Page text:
Ace is the place . . . for procurement excellence (Procurement Foundry Special)

Posted on February 3, 2020


I had the opportunity to talk with Ace Hardware’s Senior Manager – Corporate Procurement, Fraz Baig regarding why his company’s procurement practice is so successful.

In the following excerpt from my article in Procurement Foundry, I share some of the interesting insights from Fraz. I would, of course, encourage you to click on the link at the end of this post to read the article in its entirety.   

For most people, there is often a lament with any change that it never comes easily. Whether it is because of comfort with the familiar or fear of the unknown, there is always a natural, almost reflex hesitation to embrace a new idea or way of doing things.

It can be especially challenging for organizations that have been around for a long while. If you have ever read Jim Collins’ book Good to Great, you will almost immediately get the drift of what we are saying.

In talking with Ace Hardware’s Senior Manager – Corporate Procurement, Fraz Baig one is immediately “struck” by the confident energy with which he speaks about the emergence of a new procurement mindset. Specifically, stepping beyond the traditional role in which a “buyers” contribution was “measured” by cost savings and cost avoidance.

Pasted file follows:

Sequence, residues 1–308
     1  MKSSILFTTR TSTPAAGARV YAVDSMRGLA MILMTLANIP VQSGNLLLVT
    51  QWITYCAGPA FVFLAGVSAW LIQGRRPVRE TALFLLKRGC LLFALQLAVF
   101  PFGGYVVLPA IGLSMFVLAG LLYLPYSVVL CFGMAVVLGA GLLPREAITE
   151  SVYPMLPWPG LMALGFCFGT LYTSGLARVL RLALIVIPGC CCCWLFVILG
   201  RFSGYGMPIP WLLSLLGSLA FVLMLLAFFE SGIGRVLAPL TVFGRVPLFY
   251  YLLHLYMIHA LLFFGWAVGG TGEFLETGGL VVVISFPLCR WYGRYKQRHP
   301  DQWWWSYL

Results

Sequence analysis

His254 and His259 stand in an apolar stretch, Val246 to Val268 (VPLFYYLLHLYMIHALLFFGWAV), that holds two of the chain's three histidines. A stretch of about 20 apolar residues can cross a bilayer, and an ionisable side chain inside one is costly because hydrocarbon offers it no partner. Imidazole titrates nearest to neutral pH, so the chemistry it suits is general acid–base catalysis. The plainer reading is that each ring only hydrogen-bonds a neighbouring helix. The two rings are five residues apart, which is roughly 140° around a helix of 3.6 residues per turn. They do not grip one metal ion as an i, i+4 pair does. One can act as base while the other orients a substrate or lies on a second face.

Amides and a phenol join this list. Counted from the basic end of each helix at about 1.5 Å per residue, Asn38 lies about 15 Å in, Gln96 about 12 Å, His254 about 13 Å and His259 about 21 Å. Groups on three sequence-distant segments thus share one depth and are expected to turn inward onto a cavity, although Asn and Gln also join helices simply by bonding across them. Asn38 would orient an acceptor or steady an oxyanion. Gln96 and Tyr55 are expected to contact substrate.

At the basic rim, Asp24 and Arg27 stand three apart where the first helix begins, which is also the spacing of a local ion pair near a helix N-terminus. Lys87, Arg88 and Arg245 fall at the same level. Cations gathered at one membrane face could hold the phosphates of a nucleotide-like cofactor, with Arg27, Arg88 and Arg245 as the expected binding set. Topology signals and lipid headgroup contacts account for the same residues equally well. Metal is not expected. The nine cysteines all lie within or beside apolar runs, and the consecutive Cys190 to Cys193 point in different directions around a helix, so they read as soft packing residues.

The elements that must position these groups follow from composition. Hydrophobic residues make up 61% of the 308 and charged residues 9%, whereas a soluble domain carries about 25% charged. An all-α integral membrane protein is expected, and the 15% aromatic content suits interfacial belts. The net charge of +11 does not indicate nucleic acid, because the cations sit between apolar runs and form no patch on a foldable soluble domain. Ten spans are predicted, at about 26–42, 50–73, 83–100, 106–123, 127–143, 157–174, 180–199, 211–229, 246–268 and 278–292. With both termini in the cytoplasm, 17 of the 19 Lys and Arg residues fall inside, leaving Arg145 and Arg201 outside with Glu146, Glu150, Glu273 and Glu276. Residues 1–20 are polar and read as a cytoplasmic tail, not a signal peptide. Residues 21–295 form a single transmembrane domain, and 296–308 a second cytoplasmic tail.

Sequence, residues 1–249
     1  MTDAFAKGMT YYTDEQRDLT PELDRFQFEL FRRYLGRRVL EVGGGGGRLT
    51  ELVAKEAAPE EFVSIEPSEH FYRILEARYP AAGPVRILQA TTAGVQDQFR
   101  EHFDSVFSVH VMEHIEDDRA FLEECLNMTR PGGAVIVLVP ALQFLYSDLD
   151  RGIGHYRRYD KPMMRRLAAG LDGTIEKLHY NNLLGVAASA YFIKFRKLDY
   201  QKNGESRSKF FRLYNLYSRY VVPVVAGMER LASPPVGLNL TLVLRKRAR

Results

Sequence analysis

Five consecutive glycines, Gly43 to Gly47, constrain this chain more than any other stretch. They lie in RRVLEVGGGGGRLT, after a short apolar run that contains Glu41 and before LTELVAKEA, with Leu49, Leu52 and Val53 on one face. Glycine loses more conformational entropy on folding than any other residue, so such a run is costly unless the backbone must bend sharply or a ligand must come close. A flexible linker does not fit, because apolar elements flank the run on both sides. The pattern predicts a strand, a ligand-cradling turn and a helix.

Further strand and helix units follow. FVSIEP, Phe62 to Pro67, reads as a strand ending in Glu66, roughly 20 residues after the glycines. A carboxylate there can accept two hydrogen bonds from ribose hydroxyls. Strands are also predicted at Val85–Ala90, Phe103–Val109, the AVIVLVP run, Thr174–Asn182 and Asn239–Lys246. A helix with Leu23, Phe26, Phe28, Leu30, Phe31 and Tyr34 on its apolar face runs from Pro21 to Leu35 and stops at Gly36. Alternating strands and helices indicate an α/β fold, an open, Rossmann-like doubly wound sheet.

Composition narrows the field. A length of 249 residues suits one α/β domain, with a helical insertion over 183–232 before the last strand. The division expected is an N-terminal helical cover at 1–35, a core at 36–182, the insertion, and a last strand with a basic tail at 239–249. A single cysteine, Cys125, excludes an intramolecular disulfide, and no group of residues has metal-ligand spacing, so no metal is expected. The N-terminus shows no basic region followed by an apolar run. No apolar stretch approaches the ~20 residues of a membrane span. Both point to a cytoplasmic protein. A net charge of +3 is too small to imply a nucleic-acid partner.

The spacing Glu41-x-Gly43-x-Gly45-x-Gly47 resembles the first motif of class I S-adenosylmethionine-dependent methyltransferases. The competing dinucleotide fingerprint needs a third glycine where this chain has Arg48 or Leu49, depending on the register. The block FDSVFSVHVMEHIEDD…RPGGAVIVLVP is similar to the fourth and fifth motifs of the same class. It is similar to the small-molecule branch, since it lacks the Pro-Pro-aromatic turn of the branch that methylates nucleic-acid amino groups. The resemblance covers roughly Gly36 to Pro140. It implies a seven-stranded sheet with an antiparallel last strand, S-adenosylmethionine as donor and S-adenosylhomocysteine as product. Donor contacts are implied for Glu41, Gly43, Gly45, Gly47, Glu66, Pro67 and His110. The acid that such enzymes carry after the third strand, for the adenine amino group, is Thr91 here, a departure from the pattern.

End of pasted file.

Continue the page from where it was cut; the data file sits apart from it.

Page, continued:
Instead, he talks about the need for procurement professionals to become more collaborative with a focus on being in contributing alignment with the executive vision.

There is almost an unsettling excitement listening to Baig speak with such certainty, especially since he works for what many consider to be a venerable retail brand that first came into existence as Ace Stores in 1924. Perhaps this is one of the main reasons why Ace’s indirect procurement group – which came into existence 7 to 8 short years ago is quickly becoming the model to emulate in the emerging digital age.

The Right Stuff  

A recent industry survey reports that 83 per cent of organizations have had trouble recruiting suitable candidates in the past 12 months. While several factors contribute to this significant challenge, candidates not having the necessary work experience, or the right skills were two of the top three.

Regarding this article, these reasons are notable because Baig spoke about them – but not in a way that you would expect.

Use the following link to read the rest of this article, and while there, check out the many other interesting articles and resources on the Procurement Foundry site.